Published: Science & Society, vol. 23, no. 4 (Fall, 1959), pp. 289-297.
Transcription/Markup: Micah Muer, 2018.
Marx based his theory of capital accumulation on the labor theory of value and surplus-value, although he was fully aware that commodities rarely are exchanged at their value. This “contradiction,” of which so much is made in anti-Marxian theory, he resolved for himself by pointing to the competitive market mechanism which, in his view, transforms values into prices of production. Actually, of course, there is no way of discovering the commodity price in its value, or, by a reverse procedure, to discover its value in its price. There is no observable “transformation” of values into prices and the value concept has meaning only with respect to total social capital.
The deviation of price from value comes to the fore in the average rate of profit. While the rate of surplus-value is determined by the time the worker labors for the capitalist in relation to the time he works for himself, the rate of profit is calculated on total investment, on both constant and variable capital. An equal rate of surplus-value must lead to different rates of profit for capitals of various organic compositions. A capital with a “high” organic composition, that is, with a relatively greater constant than variable capital, must yield a smaller rate of profit than a capital with a “low” organic composition in which these relations are reversed. In reality, however, and generally, all capitals, whatever their organic composition, yield an average rate of profit. Because of the variety of organic compositions of different capitals, commodities cannot be exchanged in accordance with their value. This fact induced bourgeois critics to state that “the theory of the average rate of profit and of the prices of production cannot be reconciled with the theory of value.”
The whole difficulty with the law of value, according to Marx, arises from the fact that commodities are not exchanged simply as commodities but as products of capital, which claim participation in the total amount of surplus-value in proportion to their sizes. Value-exchange would actually be possible only in non-capitalist situations. Marx demonstrated this point by following the workings of the law of value under such assumed conditions. He concluded that the value of commodities should be regarded “not only theoretically but also historically as existing prior to the prices of production.”
Friedrich Engels elaborated upon this by saying that the law of value “holds generally, to the extent that economic laws are valid at all, for the whole period of simple commodity production,” that is, “for a period lasting from the beginnings of exchange ... down to the fifteenth century of the present era.”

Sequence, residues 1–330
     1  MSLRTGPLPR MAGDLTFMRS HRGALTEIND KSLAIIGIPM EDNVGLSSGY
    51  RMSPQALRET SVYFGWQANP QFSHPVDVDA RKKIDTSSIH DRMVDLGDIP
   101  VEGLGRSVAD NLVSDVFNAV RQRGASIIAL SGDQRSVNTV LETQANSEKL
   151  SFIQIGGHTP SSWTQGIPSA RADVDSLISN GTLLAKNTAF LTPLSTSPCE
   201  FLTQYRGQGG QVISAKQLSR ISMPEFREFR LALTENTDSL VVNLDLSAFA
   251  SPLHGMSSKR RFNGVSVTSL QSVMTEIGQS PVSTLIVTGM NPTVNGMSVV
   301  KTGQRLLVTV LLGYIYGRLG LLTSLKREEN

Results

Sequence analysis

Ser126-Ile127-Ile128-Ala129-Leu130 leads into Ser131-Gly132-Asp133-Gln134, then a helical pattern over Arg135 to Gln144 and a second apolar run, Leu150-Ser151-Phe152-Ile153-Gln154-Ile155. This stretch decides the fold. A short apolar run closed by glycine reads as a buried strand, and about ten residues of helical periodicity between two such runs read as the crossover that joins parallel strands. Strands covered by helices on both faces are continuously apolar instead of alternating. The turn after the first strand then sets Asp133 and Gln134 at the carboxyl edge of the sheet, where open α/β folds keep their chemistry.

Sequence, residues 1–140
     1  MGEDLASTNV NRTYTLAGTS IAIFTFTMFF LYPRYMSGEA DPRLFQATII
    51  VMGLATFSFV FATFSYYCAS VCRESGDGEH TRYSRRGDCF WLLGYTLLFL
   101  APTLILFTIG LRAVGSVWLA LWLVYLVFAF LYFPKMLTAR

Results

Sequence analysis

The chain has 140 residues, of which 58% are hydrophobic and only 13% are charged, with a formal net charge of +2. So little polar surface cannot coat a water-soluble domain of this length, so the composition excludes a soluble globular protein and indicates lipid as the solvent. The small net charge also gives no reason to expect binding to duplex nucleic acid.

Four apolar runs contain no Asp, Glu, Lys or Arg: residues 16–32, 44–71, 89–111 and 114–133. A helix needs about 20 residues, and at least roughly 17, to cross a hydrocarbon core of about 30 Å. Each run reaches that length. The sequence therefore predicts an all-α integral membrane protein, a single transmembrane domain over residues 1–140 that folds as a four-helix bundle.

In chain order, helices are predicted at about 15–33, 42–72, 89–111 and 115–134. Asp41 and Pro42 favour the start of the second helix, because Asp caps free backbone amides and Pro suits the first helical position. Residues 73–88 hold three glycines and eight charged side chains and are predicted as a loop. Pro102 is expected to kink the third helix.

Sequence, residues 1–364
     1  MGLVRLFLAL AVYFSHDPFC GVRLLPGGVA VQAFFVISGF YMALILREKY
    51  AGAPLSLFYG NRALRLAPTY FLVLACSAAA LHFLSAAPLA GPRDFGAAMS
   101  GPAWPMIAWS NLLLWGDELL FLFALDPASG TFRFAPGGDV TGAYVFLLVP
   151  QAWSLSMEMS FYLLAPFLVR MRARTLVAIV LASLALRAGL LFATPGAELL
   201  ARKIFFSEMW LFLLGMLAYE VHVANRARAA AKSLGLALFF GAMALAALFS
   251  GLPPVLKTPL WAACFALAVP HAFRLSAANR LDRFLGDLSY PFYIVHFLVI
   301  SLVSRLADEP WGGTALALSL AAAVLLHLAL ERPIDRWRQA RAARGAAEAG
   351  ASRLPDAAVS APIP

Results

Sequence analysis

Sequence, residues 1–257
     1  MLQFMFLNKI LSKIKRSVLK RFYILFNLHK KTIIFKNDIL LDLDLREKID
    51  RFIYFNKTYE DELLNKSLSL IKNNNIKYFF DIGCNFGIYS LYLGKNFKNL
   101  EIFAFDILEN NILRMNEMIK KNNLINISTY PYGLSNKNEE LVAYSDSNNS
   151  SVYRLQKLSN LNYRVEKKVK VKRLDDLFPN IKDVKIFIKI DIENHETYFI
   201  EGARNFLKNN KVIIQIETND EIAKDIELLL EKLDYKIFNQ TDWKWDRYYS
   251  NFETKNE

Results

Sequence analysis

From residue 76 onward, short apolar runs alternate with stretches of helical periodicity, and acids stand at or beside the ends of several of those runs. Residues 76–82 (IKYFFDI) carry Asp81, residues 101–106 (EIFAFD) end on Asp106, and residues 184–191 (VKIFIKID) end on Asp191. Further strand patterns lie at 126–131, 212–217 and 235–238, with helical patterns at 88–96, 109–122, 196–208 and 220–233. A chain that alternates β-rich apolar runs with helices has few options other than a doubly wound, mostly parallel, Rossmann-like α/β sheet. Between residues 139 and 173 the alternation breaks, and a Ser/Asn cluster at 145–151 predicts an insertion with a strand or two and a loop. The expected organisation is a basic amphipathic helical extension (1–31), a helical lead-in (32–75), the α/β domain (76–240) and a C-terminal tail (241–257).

Whether this was so or not, it is clear that whatever the answer, it will have no real meaning for the problems of capitalism. The assertion that the law of value determined the exchange relations of the past offers no clue to the workings of the law as the “regulator” and the driving force of the capitalist mode of production. As part of capitalist ideology, and like other aspects of it, the labor theory of value undoubtedly contained an element of truth; and searching for the reality behind the ideology, Marx felt sure that the value-concept must have had a concrete basis in the past. Still, it is difficult to see how this possible, though certainly only partial pre-capitalist value-exchange, could lead to an understanding of the difficulties and limitations of the capitalist system of production and exchange.
From the point of view of Marx’s theoretical and practical interests, furthermore, both the attempt to derive a price theory from the labor theory of value and the assertion of the historical significance of the value-concept are quite superfluous. Marx’s value-model of capital development leaves aside the conglomerations of various capital compositions of different capitals, as encountered in reality. “Total capital” is just what it says it is: all capitals constituting an entity confronting all workers as another entity. This model fits the conditions of a “total capital structure” of both a “high” and a “low” organic composition and thus represents capitalism at any stage of its development. The value-price transformation of which Marx speaks relates to this abstract model of capital development and has no direct connection with either value or price as actual and historical phenomena. For Marx had “never the intention to descend from the general idea of value... by means of ever closer determinants to a direct determination of the prices of commodities.” What he tried to show with respect to the value-price problem is that the absence of value considerations in the market reality does not invalidate a capital analysis in value terms.
An average rate of profit presupposes different rates of profit. Leaving aside such considerations as varying rates of surplus-value in different enterprises, originally diverse rates of profit point to the variety of organic compositions of various capitals. Since these differences are determined by the physical character of the industries, profitability cannot be equalized at the point of production through the averaging of organic capital compositions. To a degree, this is possible with a particular industry but not between totally different spheres of production. The averaging of individual rates of profit takes place in circulation. It means that some commodities are sold below and others above their value. This changes nothing on the value content of the commodities. It means only that some capitalists accept less in terms of prices than is their due in terms of value, and that others reap more in terms of prices than they produce in terms of value.